Remember when the Defense Finance and Accounting Service accidentally continued to deduct Thrift Savings Plan, or TSP, contributions after people reached their annual contribution limit? It happened in 2021. Well, DFAS fixed it — in January 2022.
But the way it was reported on the leave and earnings statement confused a lot of people. So I have graphs here to show you what happened and how you can track your own LES.
For some information, there is an annual limit on the amount a person can contribute each year to a qualifying, employer-sponsored defined contribution plan. The TSP is an employer-sponsored defined contribution plan, so it follows these rules.
Some people really want to save in the TSP, so they set their contributions quite high. You can designate TSP contributions only as a percentage of each compensation type, not as exact dollar amounts. As a result, people who want to maximize their TSP contributions each year are challenged to get it right.
What happened in 2021?
Prior to 2021, DFAS was able to automatically reduce dues once the service member reached the annual limit. But a software change in 2021 created problems and did not automatically reduce TSP contributions when the total reached the limit. As a result, many people have overcommitted to their TSP accounts in 2021.
The IRS frowns on contributions over the limit, but it gives providers time to fix things. DFAS made the appropriate fixes in January 2022, but the way it is reported on the LES is just plain hard to read.
The example of a member of the service
A nice service member shared his ERP so I can show you all how to look on your own form. I’ve cropped the images very tightly to avoid sharing too much information, so you’ll have to trust me on things like dates.
Here is their ERP from December, showing that they contributed more than the limit in 2021. Their limit, because they are under 50, was $19,500. You can clearly see that they contributed too much.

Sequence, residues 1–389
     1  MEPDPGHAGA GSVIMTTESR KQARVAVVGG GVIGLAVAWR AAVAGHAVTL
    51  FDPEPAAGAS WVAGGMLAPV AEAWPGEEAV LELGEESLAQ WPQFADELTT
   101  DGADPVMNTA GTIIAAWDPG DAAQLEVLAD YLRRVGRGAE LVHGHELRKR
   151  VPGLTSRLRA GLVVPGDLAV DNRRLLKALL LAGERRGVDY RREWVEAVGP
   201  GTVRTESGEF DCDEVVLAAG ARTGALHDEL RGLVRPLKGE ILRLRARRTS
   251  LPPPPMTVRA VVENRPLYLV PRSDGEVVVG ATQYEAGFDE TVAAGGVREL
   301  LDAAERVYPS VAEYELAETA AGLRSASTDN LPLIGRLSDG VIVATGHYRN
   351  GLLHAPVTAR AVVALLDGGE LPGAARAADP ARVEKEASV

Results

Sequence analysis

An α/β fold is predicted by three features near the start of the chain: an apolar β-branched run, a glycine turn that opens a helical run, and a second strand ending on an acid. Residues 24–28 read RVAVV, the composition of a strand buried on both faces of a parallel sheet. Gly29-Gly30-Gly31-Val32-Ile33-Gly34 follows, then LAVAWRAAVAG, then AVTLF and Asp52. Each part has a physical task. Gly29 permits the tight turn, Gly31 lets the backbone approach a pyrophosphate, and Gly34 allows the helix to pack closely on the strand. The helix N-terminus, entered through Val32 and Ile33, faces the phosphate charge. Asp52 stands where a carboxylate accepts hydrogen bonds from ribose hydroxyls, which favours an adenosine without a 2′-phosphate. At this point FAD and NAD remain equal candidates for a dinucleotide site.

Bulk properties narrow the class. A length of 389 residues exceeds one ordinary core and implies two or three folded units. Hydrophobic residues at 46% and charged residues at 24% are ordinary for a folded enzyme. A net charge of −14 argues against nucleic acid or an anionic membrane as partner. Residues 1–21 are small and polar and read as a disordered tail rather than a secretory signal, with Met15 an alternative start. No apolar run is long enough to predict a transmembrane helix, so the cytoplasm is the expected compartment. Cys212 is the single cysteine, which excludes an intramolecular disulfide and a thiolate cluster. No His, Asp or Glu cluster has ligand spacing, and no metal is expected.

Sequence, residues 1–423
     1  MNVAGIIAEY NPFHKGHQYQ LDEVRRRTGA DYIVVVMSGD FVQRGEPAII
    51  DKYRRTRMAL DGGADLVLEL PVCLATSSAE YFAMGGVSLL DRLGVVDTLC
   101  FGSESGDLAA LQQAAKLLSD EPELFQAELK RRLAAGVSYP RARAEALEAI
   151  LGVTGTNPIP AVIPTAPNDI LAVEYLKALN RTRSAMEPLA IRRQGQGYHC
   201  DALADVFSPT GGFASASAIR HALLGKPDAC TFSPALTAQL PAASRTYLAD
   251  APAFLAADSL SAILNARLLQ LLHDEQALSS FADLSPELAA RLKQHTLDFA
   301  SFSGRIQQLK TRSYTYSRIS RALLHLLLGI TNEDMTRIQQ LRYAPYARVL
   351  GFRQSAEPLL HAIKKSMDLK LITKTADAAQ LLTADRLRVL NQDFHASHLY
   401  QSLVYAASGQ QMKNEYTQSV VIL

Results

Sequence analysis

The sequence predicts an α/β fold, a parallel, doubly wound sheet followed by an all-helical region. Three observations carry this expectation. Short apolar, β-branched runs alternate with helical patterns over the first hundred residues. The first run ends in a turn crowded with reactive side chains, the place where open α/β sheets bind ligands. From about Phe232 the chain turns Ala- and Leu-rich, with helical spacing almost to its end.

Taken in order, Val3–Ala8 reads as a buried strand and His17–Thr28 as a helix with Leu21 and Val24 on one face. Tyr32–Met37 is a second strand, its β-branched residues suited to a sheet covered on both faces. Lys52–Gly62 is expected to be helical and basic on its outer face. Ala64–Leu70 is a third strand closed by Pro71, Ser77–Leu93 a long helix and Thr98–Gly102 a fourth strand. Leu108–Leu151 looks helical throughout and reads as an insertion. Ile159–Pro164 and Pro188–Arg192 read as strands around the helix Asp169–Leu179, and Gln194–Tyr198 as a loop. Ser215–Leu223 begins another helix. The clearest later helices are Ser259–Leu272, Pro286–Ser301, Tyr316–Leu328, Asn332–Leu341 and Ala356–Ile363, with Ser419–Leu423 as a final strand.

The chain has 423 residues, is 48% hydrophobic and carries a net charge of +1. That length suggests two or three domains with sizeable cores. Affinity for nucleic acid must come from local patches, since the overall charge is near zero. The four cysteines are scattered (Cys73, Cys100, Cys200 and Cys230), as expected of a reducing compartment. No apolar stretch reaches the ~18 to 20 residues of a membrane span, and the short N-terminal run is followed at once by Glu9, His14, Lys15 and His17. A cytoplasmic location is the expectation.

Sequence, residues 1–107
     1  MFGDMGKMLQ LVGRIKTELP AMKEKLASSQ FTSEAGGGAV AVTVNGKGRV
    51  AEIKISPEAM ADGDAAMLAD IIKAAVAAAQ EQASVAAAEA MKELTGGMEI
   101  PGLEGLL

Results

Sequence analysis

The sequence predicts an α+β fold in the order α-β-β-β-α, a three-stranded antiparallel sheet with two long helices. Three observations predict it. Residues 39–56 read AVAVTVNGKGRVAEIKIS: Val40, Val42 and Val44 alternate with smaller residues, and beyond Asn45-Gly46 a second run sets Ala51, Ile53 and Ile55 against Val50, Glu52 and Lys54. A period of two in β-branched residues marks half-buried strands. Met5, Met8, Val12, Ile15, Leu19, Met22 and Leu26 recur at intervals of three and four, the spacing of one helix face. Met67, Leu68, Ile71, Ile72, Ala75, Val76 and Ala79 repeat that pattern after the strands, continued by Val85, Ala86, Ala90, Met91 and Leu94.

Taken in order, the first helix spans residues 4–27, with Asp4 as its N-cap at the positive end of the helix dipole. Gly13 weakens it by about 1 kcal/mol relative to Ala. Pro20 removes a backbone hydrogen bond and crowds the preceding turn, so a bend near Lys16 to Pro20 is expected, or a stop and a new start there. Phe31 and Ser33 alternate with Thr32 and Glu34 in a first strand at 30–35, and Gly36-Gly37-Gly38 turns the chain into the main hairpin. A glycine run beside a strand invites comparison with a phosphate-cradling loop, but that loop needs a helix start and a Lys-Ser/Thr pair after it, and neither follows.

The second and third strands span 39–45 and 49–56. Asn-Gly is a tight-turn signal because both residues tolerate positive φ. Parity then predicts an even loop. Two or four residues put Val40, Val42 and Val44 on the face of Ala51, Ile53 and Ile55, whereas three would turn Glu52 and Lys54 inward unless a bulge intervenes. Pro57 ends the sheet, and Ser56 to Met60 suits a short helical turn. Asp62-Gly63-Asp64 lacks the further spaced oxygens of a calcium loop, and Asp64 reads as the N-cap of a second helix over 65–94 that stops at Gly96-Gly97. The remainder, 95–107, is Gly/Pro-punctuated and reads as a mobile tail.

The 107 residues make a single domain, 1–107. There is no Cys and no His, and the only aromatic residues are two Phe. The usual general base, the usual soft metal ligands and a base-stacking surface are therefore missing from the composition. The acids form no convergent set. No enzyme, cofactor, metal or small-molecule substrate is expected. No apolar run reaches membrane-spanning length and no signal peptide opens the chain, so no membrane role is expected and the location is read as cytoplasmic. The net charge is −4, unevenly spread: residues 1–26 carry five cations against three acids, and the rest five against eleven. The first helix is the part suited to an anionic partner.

This means that this service member overcontributed $828.12 in 2021.
DFAS refunded that amount to the service member in January 2022. But it also withdrew his regular monthly TSP contribution. And instead of putting them on two different lines, one line showing the amount reimbursed for the 2021 premium and the other line showing the regular 2022 contribution, DFAS just subtracted and combined it on one line.
So, this service member’s January LES shows a lower than expected TSP contribution in the Deductions section at the top of the LES.
But looking in the TSP section in the middle of the LES, you can see that they actually made a bigger contribution to the TSP.
There is no explanation that the amount shown in the Deductions section ($828.78) is actually the January contribution ($1,656.90) minus the 2021 excess contribution ($828.12). I guess they thought people would understand?
There’s a note about this in the Notes section, but it’s not very helpful.
So that’s what happened! If you overcontributed in 2021, you probably corrected it in January, but that may not be clear. Follow your own LES and see what you discover!
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